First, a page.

Step 7: ​Flames: Retainer

The idea is for the flames not to be a permanent part of the candle, so they can be "lit" at the appropriate time. The inverted bottle may sit inside the pipe, but it could easily get blown or knocked out. I used a circle of sheet metal with fingers cut around the edge to grip the inside of the pipe. I think I got this idea from another instructable, but I can't remember which one now. If I ever do I will link to it.

Option 1 - Use a compass to draw 4 circles slightly larger than the ID of the pipe. Be sure to mark your center point.

Option 2 - Trace a CD. Trace the center circle, too.

Option 3 - Use a pipe end to trace 4 circles on the sheet metal. You want the circle diameter to be a little larger than the pipe inside diameter, so trace around the outside of the pipe. Find the center of the circle using the geometry you learned in grade school. It doesn't have to be perfect.

In the center of the metal circle, trace around the uncapped bottle mouth. Cut out this small circle. I used a small drill bit first, then a large drill bit, then finished it with the snips. BE CAREFUL. The drill can catch the sheet metal, turning it into a whirling knife blade. Clamp it down. Wear gloves. Keep your hands/body out of the way. The hole should be big enough to fit over the bottle mouth, but smaller than the cap. Cut out the four circles put one on each bottle. You may have to screw it onto the bottle, especially if it’s not perfectly round. Around the edge of each circle, cut inward about 2/3 of the radius. Make a cut every 1/2" or so. Wear gloves and be careful of all the sharp edges you are creating.

I made a pattern, but it's not necessary. You'll notice in one of the pictures, that I made windows to mark a circle midway. That's to mark where to stop cutting inward. Also not absolutely necessary.

Step 8: ​Flames: Assemble

If you can hold them in a vise, drill a small hole in each bottle cap. If you can’t do that safely, drill/poke a couple holes in the bottle near the neck. This is to let any precipitation out.

Carefully place the metal retainer over the bottle mouth (if it isn’t already) and cap the bottle to hold it in place.

Remove the pointy bit from the bottom of the solar light post (if it is a separate piece). Discard, or throw in that bin you have labeled “Bits and Bobs”. Who knows when a pointy bit will come in handy?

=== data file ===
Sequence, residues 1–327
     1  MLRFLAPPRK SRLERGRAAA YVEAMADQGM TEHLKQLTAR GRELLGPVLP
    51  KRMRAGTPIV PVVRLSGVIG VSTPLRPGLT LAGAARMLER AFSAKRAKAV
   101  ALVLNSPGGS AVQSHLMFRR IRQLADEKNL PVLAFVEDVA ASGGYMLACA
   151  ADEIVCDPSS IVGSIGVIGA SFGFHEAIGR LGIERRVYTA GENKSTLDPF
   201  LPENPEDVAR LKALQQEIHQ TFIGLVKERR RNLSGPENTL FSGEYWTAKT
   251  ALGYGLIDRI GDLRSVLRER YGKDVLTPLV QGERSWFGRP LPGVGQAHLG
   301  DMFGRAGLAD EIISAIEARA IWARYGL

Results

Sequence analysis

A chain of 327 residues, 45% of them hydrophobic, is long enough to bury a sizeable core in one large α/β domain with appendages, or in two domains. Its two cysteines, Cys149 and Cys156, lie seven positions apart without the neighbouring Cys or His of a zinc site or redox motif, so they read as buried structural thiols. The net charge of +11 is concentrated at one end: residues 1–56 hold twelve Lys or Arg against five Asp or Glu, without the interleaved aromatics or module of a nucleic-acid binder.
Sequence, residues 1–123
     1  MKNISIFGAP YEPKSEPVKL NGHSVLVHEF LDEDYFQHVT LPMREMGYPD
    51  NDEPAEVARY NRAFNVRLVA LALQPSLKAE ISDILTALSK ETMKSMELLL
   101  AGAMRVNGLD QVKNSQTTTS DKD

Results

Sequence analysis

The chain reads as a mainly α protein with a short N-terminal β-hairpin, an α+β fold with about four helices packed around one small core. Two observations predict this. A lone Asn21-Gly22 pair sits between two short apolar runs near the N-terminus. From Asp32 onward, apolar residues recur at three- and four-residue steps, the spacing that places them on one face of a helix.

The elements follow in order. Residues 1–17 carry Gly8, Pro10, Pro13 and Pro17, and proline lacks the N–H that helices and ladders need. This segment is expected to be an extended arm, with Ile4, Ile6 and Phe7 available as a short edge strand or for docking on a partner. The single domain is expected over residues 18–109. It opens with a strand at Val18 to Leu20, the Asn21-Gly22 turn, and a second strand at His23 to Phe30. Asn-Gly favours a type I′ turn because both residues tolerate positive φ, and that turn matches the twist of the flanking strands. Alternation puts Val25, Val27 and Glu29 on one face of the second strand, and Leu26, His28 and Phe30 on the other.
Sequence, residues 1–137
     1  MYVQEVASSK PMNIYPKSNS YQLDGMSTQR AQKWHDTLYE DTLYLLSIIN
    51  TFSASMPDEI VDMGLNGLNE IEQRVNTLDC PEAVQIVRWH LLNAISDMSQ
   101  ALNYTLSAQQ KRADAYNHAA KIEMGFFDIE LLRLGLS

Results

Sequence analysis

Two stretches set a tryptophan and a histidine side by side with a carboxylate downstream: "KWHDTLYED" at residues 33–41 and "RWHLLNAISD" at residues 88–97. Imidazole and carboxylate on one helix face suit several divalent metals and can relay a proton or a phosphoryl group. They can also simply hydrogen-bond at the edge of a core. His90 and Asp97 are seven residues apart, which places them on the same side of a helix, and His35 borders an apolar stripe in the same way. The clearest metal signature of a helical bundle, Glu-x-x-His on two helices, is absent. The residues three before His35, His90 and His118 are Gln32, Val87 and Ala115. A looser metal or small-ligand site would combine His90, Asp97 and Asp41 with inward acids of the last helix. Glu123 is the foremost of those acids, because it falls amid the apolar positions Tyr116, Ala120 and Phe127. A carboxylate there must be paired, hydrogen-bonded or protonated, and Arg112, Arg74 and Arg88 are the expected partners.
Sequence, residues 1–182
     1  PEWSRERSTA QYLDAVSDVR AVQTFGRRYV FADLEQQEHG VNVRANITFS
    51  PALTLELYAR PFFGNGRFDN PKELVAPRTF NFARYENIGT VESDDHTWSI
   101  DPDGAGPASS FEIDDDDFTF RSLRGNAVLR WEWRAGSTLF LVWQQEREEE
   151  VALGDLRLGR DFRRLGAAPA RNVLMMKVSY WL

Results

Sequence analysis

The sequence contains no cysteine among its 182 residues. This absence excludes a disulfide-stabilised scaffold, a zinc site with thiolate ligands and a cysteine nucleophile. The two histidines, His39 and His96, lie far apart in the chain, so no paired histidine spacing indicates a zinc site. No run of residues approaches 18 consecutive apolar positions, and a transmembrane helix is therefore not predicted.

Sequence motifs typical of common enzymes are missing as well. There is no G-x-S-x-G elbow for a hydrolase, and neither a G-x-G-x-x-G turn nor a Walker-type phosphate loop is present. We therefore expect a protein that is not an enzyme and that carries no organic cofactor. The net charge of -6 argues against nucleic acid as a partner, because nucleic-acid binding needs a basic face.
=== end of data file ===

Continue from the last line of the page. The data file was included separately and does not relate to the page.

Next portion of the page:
Slide the solar light (post first) into the bottle flame. You may have to separate the top fingers to get it in, or even cut a slit down each side to open it up enough. Once in, it should fit nicely. The post on my lights was just the right length. You may have to cut yours to adjust.

When the solar light comes on, you should have something even more flamelike.

Step 9: Candles: Paint

Remember your candles? While you've been having fun making flames, your melted wax has been setting up. Once the foam is to your satisfaction and cured, you can paint.

Trim the foam around the top inside to match the pipe ID, so the flame fits better.

The pipes will have printing all down one or more sides. If you are using a light color (like pink) you may want to clean it off or cover it up. PVC cleaner should work, or maybe a coat of white paint first. I didn't realize it was an issue until too late, so I did nothing. The purple was fine, but I put an extra coat on the pink.

I sprayed (at least) 2 coats of paint. Be sure you get into all the nooks and crannies of the dripping wax. Look at it from all angles.

Sorry for the lack of pictures on this step. Should be pretty straight forward.

Step 10: ​Candles: Assemble and Enjoy

Place each pipe in its (tree) stand and tighten. Put in position and cover/decorate the base if desired.

Add flames to candles as needed. Let the sun turn them on and off.

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    2 Discussions

    DIY Hacks and How Tos

    Great idea. This could make a fun hanukkah display too.


    Reply 4 years ago

    I think so, too.